August 2017

What If

I undo the front of the cloth gown and step closer to the menacing machine. The female technician gently lifts one of my breasts—usually she begins with the left—onto a cold, flat surface. I shiver as my warm skin reacts to the chilly metal. Then, the top of the machine slowly descends, pushing into the top of my breast, flattening it, and squeezing it until tears form in my eyes. 

“Hold your breath,” the technician states.

Working Without a Net in Kenya

The thirteen-year-old boy sits in a battered ENT exam chair. Henry, my Kenyan colleague, hands me a blurry CT scan. “His neck mass has grown for two years,” Henry says. “We think it is a glomus vagale tumor. Do you agree?”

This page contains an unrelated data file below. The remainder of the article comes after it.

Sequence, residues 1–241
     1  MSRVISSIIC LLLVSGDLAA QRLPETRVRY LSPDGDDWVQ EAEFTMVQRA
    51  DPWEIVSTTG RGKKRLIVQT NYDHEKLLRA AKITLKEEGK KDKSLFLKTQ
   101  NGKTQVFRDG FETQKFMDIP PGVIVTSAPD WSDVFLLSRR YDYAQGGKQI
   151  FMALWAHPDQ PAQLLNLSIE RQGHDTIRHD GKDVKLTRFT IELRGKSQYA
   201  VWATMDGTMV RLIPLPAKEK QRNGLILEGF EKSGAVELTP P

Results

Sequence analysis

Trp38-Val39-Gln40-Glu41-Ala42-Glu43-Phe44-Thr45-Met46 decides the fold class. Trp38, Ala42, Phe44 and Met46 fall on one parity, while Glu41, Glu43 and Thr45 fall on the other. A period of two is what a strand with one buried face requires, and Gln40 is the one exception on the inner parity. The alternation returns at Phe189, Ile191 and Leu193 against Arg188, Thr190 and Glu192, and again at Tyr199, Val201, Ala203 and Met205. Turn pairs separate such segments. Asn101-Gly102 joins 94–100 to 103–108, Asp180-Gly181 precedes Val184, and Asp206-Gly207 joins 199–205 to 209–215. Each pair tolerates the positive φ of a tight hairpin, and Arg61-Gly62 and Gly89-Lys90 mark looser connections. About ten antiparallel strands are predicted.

I hold the scan up to a window. The vascular mass fills the side of the boy’s neck, displacing his carotid artery. “That’s probably right,” I respond. “At home, we would get more studies. We would prepare for bleeding. This kind of surgery can be very dangerous, even fatal.”

The Care Piece

He was in his younger middle years, generally well. Before he had a wife and kids, he had been a competitive cyclist, an Olympic hopeful. He stayed active, ate thoughtfully, took no medications. But in the mornings, first his hands and within months other joints would swell and ache terribly, refusing to move. His primary doc sent him to a rheumatologist because, based on his symptoms, it appeared that an inflammatory process was to blame. The rheumatologist ran tests and then more tests; all were negative, but she agreed–this was rheumatoid arthritis.

He was started on a medication that made him feel better. Not fully better, but generally able to get up and move in the mornings without significant pain, which he certainly preferred, and his life went on.

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